Family history cannot be ignored
Published: 31 March 2015
Shaun Lewis was 40 years old, fit, happily married and father to three young kids. Although he had a family history of heart disease, he kept a close eye on his health and there were no alarm bells.
Like most of us, Shaun thought an absence of symptoms meant he had nothing to worry about.
But then he began experiencing pain in his jaw during the daily 20km-round cycle to work from Johnsonville to Wellington.
After a month of this, his sister (a nurse) recommended he see his doctor. He was sent for tests which showed there was a problem. Within days, an angiogram revealed a 90% blockage of his coronary artery.
Shaun was suddenly told he needed life-saving quadruple bypass surgery.
“It was shocking and quite terrifying,” he recalls. “The kids were young enough that they didn’t really understand the gravity of the situation. My wife was fantastic…obviously really upset and scared but we just tried to focus on the fact that they got it before I had a heart attack.”
Shaun was forced to stop working for nine weeks, during a busy and stressful period. It took a lot longer to restore his confidence and fitness.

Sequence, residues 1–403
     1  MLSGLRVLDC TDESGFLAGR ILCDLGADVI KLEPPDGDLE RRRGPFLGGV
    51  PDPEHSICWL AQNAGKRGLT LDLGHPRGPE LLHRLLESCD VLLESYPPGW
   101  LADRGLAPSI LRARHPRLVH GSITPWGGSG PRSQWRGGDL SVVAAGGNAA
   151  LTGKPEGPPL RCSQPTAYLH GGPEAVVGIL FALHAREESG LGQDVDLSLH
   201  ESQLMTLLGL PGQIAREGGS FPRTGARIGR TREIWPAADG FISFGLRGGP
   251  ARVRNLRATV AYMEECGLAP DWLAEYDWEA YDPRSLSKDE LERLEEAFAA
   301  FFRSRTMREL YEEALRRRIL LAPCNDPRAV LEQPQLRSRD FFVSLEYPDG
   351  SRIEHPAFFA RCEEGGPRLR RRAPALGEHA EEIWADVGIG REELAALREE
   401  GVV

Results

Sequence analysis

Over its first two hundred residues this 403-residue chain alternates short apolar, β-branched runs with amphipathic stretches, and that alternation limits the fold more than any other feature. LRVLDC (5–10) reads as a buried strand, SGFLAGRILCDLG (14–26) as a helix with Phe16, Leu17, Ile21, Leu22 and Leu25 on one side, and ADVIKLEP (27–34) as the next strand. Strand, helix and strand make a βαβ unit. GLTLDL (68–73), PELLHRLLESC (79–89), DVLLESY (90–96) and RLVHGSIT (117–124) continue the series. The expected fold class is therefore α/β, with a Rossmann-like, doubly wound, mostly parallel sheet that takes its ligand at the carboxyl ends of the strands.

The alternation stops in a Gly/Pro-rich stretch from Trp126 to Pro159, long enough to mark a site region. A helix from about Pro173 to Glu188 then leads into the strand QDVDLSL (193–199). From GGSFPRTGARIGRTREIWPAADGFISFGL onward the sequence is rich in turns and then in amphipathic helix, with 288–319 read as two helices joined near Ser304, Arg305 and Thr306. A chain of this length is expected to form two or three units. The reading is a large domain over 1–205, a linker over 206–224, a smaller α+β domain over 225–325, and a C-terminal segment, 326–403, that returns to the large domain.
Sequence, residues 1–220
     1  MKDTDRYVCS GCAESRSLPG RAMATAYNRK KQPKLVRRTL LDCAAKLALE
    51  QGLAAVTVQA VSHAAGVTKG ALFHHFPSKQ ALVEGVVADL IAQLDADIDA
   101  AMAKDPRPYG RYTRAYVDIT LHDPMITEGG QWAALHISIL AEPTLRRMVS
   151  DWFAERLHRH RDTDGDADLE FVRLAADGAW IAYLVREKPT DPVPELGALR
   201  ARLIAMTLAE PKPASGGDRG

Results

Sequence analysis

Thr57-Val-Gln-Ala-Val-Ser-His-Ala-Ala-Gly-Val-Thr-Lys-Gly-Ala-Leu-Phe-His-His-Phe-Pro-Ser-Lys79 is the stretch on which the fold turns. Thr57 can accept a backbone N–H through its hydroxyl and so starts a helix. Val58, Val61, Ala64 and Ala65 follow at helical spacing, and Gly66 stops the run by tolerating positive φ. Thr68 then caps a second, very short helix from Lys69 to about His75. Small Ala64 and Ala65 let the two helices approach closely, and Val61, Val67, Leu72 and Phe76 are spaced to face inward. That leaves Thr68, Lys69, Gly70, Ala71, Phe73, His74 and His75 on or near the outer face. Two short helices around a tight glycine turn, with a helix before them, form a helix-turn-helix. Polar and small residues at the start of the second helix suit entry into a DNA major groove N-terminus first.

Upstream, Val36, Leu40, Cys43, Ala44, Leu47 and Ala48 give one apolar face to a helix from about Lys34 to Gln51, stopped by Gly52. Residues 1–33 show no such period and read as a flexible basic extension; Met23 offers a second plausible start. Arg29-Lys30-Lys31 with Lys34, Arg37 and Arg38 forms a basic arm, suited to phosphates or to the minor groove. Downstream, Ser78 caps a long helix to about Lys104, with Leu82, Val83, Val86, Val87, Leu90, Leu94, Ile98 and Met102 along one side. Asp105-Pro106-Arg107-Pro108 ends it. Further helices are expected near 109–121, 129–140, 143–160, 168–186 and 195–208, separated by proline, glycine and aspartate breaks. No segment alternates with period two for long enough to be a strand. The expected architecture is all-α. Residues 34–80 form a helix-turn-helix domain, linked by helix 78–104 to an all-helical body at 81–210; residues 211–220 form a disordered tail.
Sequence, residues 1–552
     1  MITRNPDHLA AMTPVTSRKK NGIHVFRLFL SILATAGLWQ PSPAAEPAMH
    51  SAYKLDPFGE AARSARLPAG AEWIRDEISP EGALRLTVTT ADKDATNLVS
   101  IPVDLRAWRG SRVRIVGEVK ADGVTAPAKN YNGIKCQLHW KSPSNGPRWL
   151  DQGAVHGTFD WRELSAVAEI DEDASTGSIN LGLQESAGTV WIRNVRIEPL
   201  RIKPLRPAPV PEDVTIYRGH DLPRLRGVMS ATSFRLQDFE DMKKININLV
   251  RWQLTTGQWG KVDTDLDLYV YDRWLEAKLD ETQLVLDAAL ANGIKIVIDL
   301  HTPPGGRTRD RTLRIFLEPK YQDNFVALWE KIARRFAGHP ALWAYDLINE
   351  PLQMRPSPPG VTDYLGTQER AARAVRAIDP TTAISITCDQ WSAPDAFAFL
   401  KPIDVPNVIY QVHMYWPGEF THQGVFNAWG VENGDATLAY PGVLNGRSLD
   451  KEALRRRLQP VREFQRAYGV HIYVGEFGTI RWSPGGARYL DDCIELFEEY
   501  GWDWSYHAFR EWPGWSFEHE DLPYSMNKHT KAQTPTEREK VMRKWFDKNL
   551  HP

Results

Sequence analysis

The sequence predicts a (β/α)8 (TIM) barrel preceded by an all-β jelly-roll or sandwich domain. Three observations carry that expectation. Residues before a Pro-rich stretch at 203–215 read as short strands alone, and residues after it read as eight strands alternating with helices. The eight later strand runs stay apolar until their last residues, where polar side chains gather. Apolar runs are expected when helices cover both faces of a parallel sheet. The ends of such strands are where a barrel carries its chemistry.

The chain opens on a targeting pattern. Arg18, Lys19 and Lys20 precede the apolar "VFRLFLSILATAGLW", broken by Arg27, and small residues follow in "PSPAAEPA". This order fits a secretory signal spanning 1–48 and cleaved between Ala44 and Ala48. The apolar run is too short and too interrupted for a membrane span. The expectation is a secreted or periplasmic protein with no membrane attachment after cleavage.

“Mentally it’s quite hard because I was constantly worrying about being on my own and having a heart attack. It takes quite a long time to get your physical fitness back up too.”
His wife Lynley describes it as a frightening experience - watching her life partner go through open-heart surgery, realising she’d come close to losing “a wonderful father and husband”.
“You never expect your fit 40-year-old husband to be the one,” she says.
Four years later, Shaun has recovered well and is dealing with the everyday task of looking after himself and finding balance in his life. He has now been married for 17 years and his kids are aged 12, 10 and 7.
Shaun, who works for the Ministry for the Environment, makes sure he eats well, keeps his stress levels down, and gets plenty of sleep and exercise. He takes statins, aspirin, folic acid and multi-vitamins.
He is still surprised that he needed bypass surgery at the young age of 40.
“Dad has his first heart attack at the age of 37 and then had his second, which proved fatal, at 54. I just thought the way I managed my lifestyle would give me another 10 years than my dad. But I only got three. I do have really bad genes.”
He wants to spread the message that, if you know you have a family history, you need to have a plan for monitoring your heart health.
“All the advice that I’d had over the years was that I was low risk because of my lifestyle and physiological indicators, such as blood pressure and cholesterol. But family history trumps everything.”